Virtualization has now become ubiquitous, especially in large-scale data centers. Significant inroads have also be made into high performance computing and adaptive systems, areas where I have focused in the Virtuoso and V3VEE projects. The rapid adoption of virtualization in all of these areas is in no small part due to the ability of full system virtualization to adapt existing OSes to virtual environments with no changes to the OS implementation. On the other hand, paravirtualization, which does require deep OS changes, has been demonstrated to have significant performance and functionality benefits. Beyond paravirtualization, researchers are now discussing other ways to rethink OS design for the virtualization age.
One fundamental problem with existing virtualization architectures is that the interfaces they provide to a guest environment exist at a very low level and do not expose high level semantic information. This has created a situation where underlying VMMs often have very little knowledge about the architecture, behavior, or needs of a guest VM. This situation has come to be described as the semantic gap. Furthermore, existing architectures are designed such that obtaining this information is extremely difficult. In order for virtualization to reach its true potential, this problem must be addressed.
My dissertation focuses on symbiotic virtualization, a new approach to designing virtualized systems that are capable of fully bridging the semantic gap. Symbiotic virtualization bridges the semantic gap via a bidirectional set of synchronous and asynchronous communication channels. Unlike existing virtualization interfaces, symbiotic virtualization places an equal emphasis on both semantic richness and legacy compatibility. The goal of symbiotic virtualization is to introduce a virtualization interfaces that provide access to high level semantic information while still retaining the universal compatibility of a virtual hardware interface. Symbiotic Virtualization is an approach to designing VMMs and OSes such that both support, but neither requires, the other. A symbiotic OS targets a native hardware interface, but also exposes a software interface, usable by a symbiotic VMM, if present, to optimize performance and increase functionality. Symbiotic virtualization is neither full system virtualization nor paravirtualization, however it can be used with either approach. Symbiotic Virtualization introduces OS changes that facilitate rich information gathering by the VMM, and focuses on the VMM’s functional interface to the OS and not the inverse.
A symbiotically virtualized architecture supports multiple symbiotic interfaces. Symbiotic interfaces are optional for the guest, and a guest which does use it can also run on non-symbiotic VMMs or raw hardware without any changes. A symbiotic OS exposes two types of interfaces. Passive interfaces allow a symbiotic VMM to directly access internal guest state. This information is exposed directly to the VMM, via an asynchronous communication channel. This interface has extremely low overhead, however its asynchronous nature limits the kind of information that can be accessed in this way. Functional interfaces allow a symbiotic VMM to invoke the guest directly in order to request that the guest perform an operation on behalf of the VMM. These interfaces impose a higher overhead than passive interfaces, but allow for synchronous invocation and support more complex state queries. This dissertation will examine symbiotic virtualization and two symbiotic interfaces: SymSpy and SymCall. I will also describe SymMod an interface that allows a VMM to dynamically create additional symbiotic interfaces at runtime. These interfaces allow for both passive, asynchronous and active, synchronous communication between guest and VMM.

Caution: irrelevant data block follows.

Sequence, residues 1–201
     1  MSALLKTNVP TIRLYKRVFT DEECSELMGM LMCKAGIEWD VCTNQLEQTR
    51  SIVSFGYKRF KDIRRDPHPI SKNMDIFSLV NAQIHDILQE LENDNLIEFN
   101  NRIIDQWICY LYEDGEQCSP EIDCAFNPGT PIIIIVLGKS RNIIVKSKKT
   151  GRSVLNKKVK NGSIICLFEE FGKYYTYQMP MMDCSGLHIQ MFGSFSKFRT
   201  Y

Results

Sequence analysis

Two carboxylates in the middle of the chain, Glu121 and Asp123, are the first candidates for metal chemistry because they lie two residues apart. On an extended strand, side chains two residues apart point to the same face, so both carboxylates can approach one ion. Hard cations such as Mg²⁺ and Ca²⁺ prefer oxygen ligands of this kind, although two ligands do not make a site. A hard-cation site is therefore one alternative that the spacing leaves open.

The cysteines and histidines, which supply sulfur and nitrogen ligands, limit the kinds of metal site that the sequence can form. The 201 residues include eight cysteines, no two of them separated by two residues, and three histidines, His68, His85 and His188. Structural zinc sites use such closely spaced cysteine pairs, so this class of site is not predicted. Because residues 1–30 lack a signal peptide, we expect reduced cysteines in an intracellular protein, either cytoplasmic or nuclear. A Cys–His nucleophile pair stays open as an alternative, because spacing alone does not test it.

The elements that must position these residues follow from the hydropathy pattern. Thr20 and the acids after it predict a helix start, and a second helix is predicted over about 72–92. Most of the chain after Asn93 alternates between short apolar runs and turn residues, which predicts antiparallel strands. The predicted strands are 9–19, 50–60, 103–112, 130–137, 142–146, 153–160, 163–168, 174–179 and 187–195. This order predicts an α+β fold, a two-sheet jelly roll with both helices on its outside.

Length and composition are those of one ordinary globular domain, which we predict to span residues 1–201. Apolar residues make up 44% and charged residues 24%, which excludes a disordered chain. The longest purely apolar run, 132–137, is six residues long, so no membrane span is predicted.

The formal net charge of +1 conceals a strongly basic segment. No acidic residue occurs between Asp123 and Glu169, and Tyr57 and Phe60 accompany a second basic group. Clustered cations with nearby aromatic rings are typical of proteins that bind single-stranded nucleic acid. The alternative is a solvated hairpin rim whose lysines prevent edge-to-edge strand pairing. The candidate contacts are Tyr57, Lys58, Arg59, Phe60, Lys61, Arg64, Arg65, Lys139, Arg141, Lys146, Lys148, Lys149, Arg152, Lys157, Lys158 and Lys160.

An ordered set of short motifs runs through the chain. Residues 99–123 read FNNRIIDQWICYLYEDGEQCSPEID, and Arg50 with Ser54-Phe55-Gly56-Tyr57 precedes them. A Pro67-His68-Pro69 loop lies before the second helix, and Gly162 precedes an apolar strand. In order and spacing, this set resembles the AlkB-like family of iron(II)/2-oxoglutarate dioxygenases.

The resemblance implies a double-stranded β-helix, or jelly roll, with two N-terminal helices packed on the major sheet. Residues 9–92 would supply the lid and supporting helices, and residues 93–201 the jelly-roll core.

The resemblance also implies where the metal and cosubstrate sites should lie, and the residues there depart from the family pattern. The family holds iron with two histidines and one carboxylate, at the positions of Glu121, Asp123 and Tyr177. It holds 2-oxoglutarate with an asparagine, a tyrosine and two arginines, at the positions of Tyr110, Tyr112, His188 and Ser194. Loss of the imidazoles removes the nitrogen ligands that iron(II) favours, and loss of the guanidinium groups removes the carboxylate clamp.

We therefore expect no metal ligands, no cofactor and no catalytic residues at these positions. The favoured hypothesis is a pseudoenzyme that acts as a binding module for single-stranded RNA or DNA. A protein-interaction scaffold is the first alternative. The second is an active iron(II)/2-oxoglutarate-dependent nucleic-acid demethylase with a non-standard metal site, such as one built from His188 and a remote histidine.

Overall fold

I have implemented a symbiotic virtualization framework inside Palacios, an OS independent embeddable virtual machine monitor that I have led the development of. Palacios is a wholly new VMM architecture designed specifically to target areas that have been ill served by existing virtualization tools, namely high performance computing, architecture and education. Palacios supports multiple physical host and virtual guest environments, is compatible with both AMD SVM and Intel VT architectures, and has been evaluated on commodity Ethernet based servers, a high end Infiniband cluster, as well as Red Storm development cages consisting of Cray XT nodes. Palacios also supports the virtualization of a diverse set of guest OS environments, including commodity Linux and other OS distributions, modern Linux kernels, and several lightweight HPC OSes such as CNL, Catamount, and the Kitten Lightweight Kernel.
|Advisor:||Dinda, Peter A.|
|Commitee:||Bustamante, Fabian, Joseph, Russ, Schwan, Karsten|
|School Location:||United States -- Illinois|
|Source:||DAI-B 71/12, Dissertation Abstracts International|
|Keywords:||Communication channels, Semantic gap, SymCall, SymMod, SymSpy, Symbiotic virtualization, Virtualization interfaces|
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